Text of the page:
Centering Down is an adult spiritual sharing group that takes place in the meetinghouse library every Sunday at 10 AM, before worship. All are welcome to join at any time.
Each week’s topic is included in the bulletin. It typically includes a few passages from the minister’s message, as well as some queries—questions to stimulate self-examination and thought. We might spend several minutes in silent reflection before anyone speaks. Individuals are encouraged to speak from their own experiences and to listen deeply to one another, allowing a little time for reflection between speakers. In this way, we can come to know one another better and share our unique portion of Light with one another.
The following are recent centering down passages:
From Life Lessons of a "Bad Quaker" . . .Just be Quiet
What clues does my body give me that I need a deep spiritual breath and some stillness in the midst of busyness?
World At War
What does it mean for me to be a peaceful person?
What do I do to remain peaceful when something really annoying happens, or beyond annoying?
To Buy or Not to Buy
What feelings come to mind when I first think about living simply?
What do the things I own say about my beliefs or values?
Red and Yellow Black and White, They Are Precious in His Sight
Do any of my beliefs or actions come from a bias about race, gender, sexual orientation, disability, class, and/or my own feelings of inferiority or superiority?
Truth Be Told
Am I careful to speak truth as I know it?
God’s Good Green Earth
What are the spiritual implications of the way I treat the earth?
Unless I see the mark of the nails in his hands, and put my finger in the mark of the nails, and put my hand in his side, I will not believe.You know the story...Following the crucifixion, the disciples were locked in a house for fear that they too would be killed. They were licking their wounded spirits and trying to figure out what had gone wrong. And then, as recorded in John, “Jesus came and stood among them.” To prove that it was Jesus, he showed them the scars in his hands and side. Thomas was not present.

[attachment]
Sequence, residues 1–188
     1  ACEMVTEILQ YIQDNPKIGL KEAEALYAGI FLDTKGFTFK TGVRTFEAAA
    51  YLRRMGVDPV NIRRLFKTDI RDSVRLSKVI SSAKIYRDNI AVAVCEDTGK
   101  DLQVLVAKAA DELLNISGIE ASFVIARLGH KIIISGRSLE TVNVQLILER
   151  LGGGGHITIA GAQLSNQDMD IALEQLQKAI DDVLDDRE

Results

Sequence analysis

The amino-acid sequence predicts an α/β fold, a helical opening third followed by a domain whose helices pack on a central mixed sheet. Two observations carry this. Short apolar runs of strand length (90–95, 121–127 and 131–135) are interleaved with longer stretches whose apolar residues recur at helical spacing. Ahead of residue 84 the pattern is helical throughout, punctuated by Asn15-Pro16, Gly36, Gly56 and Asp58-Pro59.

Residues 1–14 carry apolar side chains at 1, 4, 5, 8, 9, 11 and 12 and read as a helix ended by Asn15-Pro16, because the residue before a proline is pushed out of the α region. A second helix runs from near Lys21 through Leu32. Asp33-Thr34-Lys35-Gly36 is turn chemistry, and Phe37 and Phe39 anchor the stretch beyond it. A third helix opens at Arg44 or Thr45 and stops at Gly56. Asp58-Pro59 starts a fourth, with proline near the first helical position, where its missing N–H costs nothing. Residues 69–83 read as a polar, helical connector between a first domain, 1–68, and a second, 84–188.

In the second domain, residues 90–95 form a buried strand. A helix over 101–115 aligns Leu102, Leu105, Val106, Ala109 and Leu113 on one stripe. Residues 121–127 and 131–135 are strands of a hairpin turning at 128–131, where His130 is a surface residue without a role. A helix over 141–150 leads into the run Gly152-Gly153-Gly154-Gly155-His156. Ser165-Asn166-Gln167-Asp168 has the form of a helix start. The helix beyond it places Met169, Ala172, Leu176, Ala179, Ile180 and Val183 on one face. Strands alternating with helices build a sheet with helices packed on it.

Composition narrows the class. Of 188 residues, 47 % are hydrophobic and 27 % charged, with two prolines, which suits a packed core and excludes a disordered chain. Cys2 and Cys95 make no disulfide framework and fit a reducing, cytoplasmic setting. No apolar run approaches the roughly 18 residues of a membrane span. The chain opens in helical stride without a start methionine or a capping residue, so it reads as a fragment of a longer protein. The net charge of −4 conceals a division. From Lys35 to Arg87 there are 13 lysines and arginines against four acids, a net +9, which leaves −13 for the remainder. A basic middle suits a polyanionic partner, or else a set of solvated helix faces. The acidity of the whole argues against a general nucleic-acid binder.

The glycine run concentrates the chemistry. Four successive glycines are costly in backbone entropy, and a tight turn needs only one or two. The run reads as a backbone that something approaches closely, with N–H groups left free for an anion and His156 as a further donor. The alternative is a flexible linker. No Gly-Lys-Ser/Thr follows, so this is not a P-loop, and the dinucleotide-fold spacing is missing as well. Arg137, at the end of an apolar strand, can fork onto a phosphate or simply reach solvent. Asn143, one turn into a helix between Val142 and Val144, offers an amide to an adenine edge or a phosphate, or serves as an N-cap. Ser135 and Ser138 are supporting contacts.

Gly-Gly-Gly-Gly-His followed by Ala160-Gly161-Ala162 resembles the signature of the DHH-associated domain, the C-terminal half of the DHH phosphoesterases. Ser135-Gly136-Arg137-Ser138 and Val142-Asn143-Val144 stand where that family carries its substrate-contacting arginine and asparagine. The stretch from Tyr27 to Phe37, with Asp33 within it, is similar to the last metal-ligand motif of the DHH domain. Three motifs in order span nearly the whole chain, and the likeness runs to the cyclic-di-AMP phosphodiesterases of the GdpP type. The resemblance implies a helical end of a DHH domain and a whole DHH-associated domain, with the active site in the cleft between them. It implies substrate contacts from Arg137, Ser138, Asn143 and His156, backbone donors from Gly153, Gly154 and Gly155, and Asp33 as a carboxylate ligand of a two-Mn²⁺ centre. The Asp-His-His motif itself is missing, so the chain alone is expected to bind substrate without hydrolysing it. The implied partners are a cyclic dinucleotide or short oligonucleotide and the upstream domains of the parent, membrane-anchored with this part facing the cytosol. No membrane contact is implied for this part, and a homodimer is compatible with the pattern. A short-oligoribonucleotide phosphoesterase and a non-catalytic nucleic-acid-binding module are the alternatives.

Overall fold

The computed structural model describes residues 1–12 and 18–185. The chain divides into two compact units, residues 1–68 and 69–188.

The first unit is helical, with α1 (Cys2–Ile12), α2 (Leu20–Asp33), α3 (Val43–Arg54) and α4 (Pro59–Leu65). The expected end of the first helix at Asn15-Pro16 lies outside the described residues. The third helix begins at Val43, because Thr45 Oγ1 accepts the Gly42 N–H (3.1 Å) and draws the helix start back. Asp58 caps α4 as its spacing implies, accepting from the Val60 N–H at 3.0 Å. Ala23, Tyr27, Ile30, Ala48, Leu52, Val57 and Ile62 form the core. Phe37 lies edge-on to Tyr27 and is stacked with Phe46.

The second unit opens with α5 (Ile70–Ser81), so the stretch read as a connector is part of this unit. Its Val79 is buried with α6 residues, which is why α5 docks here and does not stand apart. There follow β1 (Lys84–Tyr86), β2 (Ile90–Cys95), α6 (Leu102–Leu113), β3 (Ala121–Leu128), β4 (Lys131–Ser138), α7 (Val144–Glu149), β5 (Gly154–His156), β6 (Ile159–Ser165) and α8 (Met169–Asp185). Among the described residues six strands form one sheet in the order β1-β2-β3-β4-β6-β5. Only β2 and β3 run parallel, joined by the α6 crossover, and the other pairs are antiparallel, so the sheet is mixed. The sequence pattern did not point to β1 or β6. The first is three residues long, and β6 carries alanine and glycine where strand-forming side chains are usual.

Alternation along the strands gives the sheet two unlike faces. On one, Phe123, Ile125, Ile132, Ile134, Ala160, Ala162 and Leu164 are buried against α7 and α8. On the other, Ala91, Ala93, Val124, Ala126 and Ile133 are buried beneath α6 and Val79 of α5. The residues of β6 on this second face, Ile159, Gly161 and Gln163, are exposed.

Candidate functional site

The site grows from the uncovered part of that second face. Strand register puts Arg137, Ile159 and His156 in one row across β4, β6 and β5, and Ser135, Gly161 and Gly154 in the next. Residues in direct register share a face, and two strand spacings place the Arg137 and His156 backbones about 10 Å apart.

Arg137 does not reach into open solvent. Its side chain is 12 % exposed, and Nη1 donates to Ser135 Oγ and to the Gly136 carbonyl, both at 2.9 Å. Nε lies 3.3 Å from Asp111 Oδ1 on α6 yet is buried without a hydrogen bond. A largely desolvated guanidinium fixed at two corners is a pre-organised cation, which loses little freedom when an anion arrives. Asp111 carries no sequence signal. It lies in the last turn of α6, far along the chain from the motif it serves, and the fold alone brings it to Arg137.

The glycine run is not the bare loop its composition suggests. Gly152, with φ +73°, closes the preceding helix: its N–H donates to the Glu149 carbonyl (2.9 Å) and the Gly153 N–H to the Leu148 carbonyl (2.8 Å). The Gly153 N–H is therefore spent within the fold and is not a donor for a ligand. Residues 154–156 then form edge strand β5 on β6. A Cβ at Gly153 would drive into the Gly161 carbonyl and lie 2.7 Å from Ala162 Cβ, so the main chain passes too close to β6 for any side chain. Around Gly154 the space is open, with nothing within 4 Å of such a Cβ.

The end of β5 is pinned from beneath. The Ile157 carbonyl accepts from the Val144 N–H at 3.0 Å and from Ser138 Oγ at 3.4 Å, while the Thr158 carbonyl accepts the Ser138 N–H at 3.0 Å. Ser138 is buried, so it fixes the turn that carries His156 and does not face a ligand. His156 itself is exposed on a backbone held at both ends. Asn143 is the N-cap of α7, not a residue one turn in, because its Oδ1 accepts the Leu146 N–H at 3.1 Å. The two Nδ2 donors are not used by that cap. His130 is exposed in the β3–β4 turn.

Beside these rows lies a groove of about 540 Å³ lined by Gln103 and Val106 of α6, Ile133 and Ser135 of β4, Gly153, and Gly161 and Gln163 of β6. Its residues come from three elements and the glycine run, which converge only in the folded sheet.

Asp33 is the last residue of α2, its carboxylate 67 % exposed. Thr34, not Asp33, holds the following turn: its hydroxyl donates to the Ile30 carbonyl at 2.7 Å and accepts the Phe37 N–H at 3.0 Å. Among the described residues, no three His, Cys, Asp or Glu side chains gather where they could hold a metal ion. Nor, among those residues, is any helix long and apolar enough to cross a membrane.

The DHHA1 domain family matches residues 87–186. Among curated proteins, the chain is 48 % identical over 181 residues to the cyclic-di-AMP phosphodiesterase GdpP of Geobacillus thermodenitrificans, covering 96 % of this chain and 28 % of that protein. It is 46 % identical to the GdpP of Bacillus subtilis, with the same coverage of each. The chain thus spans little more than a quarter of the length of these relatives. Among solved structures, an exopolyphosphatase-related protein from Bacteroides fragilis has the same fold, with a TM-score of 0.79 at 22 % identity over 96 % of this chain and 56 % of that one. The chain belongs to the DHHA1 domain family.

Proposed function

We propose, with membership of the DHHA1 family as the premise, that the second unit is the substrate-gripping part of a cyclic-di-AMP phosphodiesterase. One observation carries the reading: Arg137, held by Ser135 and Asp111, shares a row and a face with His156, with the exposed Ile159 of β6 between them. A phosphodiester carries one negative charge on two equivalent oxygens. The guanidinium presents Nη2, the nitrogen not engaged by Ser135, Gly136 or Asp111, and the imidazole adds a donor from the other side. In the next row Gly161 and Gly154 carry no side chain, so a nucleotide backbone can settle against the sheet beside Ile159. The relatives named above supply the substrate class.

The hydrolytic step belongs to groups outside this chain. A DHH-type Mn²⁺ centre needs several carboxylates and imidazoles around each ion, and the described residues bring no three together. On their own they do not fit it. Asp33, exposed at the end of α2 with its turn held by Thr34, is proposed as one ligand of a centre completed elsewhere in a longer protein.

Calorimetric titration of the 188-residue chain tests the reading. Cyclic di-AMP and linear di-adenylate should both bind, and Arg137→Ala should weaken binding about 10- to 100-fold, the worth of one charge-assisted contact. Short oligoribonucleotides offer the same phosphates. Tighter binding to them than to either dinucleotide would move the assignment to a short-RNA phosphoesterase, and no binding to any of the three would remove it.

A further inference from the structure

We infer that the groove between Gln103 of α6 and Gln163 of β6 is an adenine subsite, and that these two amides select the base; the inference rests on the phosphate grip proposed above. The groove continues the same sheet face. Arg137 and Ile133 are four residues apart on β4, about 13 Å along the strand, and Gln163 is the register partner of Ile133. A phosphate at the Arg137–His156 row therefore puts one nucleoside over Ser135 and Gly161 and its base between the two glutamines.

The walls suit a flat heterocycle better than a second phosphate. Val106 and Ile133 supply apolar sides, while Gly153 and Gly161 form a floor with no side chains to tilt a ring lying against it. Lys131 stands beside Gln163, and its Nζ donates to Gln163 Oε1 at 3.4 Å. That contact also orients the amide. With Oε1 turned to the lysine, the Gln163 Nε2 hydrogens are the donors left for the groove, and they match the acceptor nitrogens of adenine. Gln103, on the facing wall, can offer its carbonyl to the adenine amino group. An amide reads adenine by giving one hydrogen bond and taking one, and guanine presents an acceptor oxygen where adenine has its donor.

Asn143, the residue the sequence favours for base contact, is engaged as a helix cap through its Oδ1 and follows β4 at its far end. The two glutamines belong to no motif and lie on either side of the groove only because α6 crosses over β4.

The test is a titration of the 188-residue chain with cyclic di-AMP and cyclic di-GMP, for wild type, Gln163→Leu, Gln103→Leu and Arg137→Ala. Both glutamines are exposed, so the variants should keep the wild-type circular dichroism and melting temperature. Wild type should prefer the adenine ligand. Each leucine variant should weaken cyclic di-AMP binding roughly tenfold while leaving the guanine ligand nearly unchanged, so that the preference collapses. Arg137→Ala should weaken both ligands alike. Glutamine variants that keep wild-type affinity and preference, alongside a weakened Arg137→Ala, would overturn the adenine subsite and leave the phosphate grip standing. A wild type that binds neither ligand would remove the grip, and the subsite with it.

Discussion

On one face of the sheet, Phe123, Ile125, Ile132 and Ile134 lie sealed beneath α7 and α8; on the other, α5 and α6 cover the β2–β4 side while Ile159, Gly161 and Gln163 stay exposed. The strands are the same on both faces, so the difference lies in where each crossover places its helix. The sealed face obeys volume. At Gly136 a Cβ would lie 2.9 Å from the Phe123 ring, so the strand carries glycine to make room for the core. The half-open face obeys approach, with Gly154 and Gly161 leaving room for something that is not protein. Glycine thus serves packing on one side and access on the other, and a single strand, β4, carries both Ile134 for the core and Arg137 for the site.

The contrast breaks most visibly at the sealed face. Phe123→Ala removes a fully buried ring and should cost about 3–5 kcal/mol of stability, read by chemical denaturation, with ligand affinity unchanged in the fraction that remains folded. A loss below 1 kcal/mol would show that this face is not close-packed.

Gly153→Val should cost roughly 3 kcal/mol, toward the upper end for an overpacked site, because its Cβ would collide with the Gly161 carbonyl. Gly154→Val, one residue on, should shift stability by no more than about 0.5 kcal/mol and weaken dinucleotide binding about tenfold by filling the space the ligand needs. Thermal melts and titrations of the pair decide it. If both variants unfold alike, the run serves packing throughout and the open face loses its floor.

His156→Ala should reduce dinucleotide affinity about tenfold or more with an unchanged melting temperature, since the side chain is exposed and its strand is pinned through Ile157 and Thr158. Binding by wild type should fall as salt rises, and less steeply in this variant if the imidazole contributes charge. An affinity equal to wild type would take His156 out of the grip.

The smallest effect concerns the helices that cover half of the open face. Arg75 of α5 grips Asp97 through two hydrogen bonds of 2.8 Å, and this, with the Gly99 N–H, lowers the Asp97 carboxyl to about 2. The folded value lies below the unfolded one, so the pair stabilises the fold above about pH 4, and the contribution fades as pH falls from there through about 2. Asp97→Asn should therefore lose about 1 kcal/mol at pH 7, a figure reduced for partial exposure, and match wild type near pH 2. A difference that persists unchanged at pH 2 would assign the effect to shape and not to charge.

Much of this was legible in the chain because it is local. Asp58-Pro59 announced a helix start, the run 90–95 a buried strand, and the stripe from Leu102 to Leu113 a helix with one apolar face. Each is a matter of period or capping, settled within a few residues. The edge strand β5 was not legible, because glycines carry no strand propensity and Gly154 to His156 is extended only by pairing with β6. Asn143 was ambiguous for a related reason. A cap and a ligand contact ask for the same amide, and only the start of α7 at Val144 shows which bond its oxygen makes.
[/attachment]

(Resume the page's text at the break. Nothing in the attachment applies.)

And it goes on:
As the story goes, a week later Jesus appeared again in the house and this time Thomas was with them. Jesus turned to Thomas and said, “Put your finger here and see my hands. Reach out your hand and put it in my side. Do not doubt, but believe. Thomas did what was requested, and exclaimed, “My Lord and my God.”
Two things in this story stand out for me, both of which have to do with vulnerability. First is the courage that Thomas showed by doubting, thus making him vulnerable to the ridicule from his believing colleagues, and second, the vulnerability that Jesus displays by openly showing his disciples his scars.
Within the safe confines of his trusted friends, Thomas felt free to doubt, and by sharing his scars with the disciples, Jesus became real.
I am grateful that John chose to put this story in his Gospel, and I thank God that Thomas had the courage to doubt, and took the time to see the real Jesus, the one with scars. As we continue to grow spiritually, may we be sensitive to the REAL within each of us, doubts, scars and all, for it is here, in the experience of the REAL where we can experience the Living Christ.
Have there been times in your life when you have risked being vulnerable with others?
Did not our hearts burn within us while he talked to us on the road?Although there are many different accounts of the Resurrection Story, with each Gospel giving us a version that is at variance with the others, there are certain things on which they all agree. All of the writers agree that it is set on the first day of the week. They all assert their conviction that something happened following the crucifixion of Jesus that forced them to entertain the possibility that the ultimate barrier that each human life faces...our finitude and mortality, had somehow been breached. Also, whatever the Easter moment was, it had a profound effect upon the Disciples, which apparently altered their behavior and their understanding of God. On these things, we can all agree.
Personally, after reading all of the Gospel accounts of the resurrection, and after looking critically at all of the problems those various accounts can cause to the logical mind, I became a skeptic. The question that I had to ask myself, and one that all skeptics need to ask is, “Can an experience be real if the explanations of that experience are inconsistent and divergent?” I have concluded that it can be. I have little faith in the words used by the Gospel writers to describe the resurrection, but I have great faith in the trustworthiness of people’s actions and behavior to affirm an event happened. One thing we know for sure, the Disciples were changed persons following the events of the crucifixion and the resurrection.
The early followers of Jesus tried to use words to describe an event that was beyond words. And the event beyond words, changed their lives. The evidence of changed lives is very compelling evidence.
What are your thoughts on the Easter Story?